Two NewsGuard “analysts” research each news source and then settle on a rating (or not, if they feel they don’t have enough information to be confident in a rating). If the raters disagree, NewsGuard’s executive editor Jim Warren, managing editor Eric Effron, and its editor-in-chief will weigh in, and NewsGuard will make available all the backgrounds and conflicts and thought processes of every person involved in the decision process (it’s looking to add a second layer of fact-checkers who will fact-check the nutrition labels analysts have written. The NewsGuard site lists criteria that feed into each rating, such as points for whether a news site participates in the Trust Project, or whether a site appears to be trying to obscure its funders or its ideological bent. NewsGuard will publish corrections and comments, and welcomes suggestions to rate any sites it’s missed, Brill and Crovitz said.
I asked what ratings some of the news sites that have sample nutrition labels posted (WhatisFracking.com, RT.com) are getting; Brill and Crovitz told me they are hesitant to explain ratings before these sites have gone through the formalized ratings process. But based on reading their ratings criteria and its nutrition label, a site like WhatisFracking.com, funded by the American Petroleum Institute, would likely end up a YELLOW.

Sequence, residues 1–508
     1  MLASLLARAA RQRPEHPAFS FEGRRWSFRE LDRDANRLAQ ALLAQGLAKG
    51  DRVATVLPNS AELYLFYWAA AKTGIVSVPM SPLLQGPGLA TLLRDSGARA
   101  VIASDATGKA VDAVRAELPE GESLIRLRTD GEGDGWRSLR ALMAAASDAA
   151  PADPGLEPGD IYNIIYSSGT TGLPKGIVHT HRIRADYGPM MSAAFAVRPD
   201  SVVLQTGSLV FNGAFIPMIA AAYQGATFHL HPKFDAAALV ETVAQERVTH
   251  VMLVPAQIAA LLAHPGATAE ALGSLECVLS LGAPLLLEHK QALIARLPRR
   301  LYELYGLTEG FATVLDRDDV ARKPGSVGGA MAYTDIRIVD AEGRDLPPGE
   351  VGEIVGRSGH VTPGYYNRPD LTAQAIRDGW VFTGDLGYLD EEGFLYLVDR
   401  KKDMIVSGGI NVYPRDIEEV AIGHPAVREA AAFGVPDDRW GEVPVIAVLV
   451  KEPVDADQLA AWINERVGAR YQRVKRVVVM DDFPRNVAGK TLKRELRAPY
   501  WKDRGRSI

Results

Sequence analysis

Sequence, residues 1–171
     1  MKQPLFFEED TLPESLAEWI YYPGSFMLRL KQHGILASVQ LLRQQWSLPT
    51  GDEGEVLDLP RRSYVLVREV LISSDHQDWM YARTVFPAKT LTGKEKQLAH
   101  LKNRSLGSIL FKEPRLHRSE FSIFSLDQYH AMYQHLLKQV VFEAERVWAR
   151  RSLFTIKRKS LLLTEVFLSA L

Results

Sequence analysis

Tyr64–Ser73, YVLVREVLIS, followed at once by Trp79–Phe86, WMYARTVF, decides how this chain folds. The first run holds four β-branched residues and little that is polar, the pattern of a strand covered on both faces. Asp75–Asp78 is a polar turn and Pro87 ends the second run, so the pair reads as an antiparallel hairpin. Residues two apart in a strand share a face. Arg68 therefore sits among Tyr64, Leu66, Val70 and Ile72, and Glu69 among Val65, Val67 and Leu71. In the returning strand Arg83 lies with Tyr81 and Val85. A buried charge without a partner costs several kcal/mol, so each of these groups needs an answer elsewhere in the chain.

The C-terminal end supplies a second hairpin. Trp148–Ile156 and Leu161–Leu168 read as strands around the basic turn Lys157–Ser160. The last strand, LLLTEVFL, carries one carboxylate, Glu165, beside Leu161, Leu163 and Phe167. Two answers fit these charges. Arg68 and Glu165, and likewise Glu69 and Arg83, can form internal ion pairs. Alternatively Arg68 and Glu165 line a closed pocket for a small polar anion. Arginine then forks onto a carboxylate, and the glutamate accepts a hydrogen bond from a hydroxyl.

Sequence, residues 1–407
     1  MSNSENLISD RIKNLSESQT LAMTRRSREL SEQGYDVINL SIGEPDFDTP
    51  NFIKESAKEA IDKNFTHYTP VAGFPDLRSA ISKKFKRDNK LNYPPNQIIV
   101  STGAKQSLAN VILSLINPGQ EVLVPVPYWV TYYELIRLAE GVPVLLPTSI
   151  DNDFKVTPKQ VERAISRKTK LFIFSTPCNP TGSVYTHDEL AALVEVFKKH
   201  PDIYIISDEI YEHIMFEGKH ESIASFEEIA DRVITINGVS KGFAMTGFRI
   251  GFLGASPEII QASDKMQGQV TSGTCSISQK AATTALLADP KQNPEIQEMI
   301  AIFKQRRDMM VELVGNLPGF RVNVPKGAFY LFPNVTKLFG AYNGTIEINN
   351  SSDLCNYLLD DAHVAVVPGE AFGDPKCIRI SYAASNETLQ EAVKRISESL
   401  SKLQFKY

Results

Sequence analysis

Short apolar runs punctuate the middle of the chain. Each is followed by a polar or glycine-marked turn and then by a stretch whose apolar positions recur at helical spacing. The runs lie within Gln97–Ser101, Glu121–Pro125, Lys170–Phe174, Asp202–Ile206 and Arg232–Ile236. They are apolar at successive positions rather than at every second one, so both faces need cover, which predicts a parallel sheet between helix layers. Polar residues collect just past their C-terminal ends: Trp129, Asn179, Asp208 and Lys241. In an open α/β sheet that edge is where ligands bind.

“We’re making the kinds of judgments that we think will be noncontroversial, but still are the kind of judgments that platforms, rightly, don’t want to be making themselves. They don’t want to put their finger on the scale at all,” Crovitz said. “A use case is…maybe that teenager who’s trying to figure out where a source of news comes from. If your crazy uncle sends you a news story that looks kind of crazy, it’d be useful for you to know whether that actually comes from a fake news site.” As NewsGuard builds up its database of ratings and nutrition labels, it wants to offer a browser plug-in version of its ratings and nutrition labels for free for educational purposes, such as to media literacy groups.